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Ray Lewis urges Baltimore in TV ad to pick ‘new head coach’ and vote Wallace for mayor

Baltimore independent mayoral candidate Bob Wallace debuted a television ad, voiced by Ravens great Ray Lewis, during the team’s game against the Kansas City Chiefs. Wallace is shown campaigning Sept. 8, 2020, in Canton.
Baltimore independent mayoral candidate Bob Wallace debuted a television ad, voiced by Ravens great Ray Lewis, during the team’s game against the Kansas City Chiefs. Wallace is shown campaigning Sept. 8, 2020, in Canton. (Kenneth K. Lam)

Baltimore independent mayoral candidate Bob Wallace debuted a television ad, voiced by Ravens great Ray Lewis, during the team’s “Monday Night Football” game against the Kansas City Chiefs.

Lewis tells viewers that they have a chance to elect “a new head coach” in Wallace, a business owner who is running against Democratic nominee Brandon Scott and Republican Shannon Wright in the Nov. 3 general election. Scott is heavily favored to win in deep-blue Baltimore, which has only elected Democrats for nearly six decades.

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Lewis, in the commercial, makes the case for change, pointing to Baltimore’s spate of violent crime and its struggling schools.

“What we’ve been doing just isn’t working,” he says, as the camera pans across City Hall. “Let’s change the play. Vote Bob Wallace for mayor, and let’s stage a Baltimore comeback."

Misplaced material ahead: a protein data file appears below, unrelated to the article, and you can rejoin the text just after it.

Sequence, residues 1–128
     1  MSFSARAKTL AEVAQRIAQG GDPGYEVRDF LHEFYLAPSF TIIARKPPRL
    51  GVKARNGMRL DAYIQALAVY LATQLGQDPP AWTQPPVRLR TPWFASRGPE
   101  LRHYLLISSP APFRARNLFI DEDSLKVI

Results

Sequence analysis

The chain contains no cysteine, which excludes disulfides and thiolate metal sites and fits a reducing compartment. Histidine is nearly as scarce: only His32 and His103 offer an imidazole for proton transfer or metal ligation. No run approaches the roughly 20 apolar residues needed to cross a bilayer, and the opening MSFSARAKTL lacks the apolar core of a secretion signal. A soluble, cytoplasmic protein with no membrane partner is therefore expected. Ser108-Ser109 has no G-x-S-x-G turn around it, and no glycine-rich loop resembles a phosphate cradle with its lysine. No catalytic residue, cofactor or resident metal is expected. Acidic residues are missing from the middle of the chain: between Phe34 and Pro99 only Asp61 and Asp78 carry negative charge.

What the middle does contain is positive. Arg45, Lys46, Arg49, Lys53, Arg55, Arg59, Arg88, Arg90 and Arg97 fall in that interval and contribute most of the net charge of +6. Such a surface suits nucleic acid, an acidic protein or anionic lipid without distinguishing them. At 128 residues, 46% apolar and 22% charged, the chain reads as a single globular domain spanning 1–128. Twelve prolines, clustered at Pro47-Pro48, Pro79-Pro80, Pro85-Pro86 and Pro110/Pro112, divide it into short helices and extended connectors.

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Scott also premiered an ad during Monday’s game. It showed the 36-year-old City Council president lacing up a pair of running shoes, as a voice-over describes him as “a tested son of our city” and part of a “new generation" that will tackle crime and promote transparency.

The two ads come as ballots begin to arrive in voters' mailboxes. State officials expect half the voters who participate in Maryland’s election to opt for a mail-in ballot. Residents also have the option of in-person voting on Election Day at more than 300 centers across Maryland and early voting, starting Oct. 26, at more than 80 locations.

Wallace reported in August more than $360,000 cash on hand. He and his wife have together lent his campaign at least $343,000.

Scott, meanwhile, had $153,000 in his bank account after spending heavily in the final weeks before the packed June 2 primary.

The next glimpse into candidates' finances will come in late October.

Wallace’s campaign declined to say exactly how much it spent on this latest ad buy, saying only that it was part of a “six-figure ad buy further introducing Bob Wallace to Baltimore voters.”

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